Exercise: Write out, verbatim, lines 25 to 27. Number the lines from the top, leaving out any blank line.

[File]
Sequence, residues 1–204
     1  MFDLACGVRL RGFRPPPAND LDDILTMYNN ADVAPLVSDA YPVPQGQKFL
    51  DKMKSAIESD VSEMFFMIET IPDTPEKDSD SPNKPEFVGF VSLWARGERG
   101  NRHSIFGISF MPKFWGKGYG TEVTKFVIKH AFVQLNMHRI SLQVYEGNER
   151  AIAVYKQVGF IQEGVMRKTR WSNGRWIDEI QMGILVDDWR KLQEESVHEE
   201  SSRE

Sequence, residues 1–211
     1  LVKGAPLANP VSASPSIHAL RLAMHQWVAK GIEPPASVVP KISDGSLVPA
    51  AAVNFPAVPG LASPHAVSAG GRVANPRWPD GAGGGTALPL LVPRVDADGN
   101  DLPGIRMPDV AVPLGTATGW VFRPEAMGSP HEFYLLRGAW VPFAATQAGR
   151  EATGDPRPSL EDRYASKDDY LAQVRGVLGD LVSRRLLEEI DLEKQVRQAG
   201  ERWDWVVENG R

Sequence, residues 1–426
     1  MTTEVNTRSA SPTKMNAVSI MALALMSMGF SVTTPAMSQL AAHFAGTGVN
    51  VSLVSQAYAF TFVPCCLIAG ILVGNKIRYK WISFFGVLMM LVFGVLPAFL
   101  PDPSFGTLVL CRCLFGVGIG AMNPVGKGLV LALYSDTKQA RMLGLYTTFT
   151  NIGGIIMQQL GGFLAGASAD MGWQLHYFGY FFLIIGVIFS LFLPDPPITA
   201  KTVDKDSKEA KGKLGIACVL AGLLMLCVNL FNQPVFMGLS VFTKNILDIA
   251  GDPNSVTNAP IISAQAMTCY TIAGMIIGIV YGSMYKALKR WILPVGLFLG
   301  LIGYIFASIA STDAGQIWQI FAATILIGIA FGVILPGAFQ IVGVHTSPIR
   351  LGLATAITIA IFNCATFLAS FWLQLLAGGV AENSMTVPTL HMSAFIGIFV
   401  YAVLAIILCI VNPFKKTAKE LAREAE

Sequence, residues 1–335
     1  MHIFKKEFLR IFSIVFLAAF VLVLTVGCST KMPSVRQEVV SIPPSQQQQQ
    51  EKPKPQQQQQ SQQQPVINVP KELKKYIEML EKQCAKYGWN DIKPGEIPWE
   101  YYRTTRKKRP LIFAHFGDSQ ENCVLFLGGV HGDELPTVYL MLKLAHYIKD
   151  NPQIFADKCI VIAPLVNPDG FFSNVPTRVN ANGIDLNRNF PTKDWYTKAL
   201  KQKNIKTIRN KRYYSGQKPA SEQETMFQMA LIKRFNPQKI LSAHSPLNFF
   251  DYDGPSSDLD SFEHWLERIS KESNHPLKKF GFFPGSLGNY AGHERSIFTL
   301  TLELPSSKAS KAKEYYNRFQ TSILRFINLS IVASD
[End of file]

    51  EKPKPQQQQQ SQQQPVINVP KELKKYIEML EKQCAKYGWN DIKPGEIPWE
   101  YYRTTRKKRP LIFAHFGDSQ ENCVLFLGGV HGDELPTVYL MLKLAHYIKD
   151  NPQIFADKCI VIAPLVNPDG FFSNVPTRVN ANGIDLNRNF PTKDWYTKAL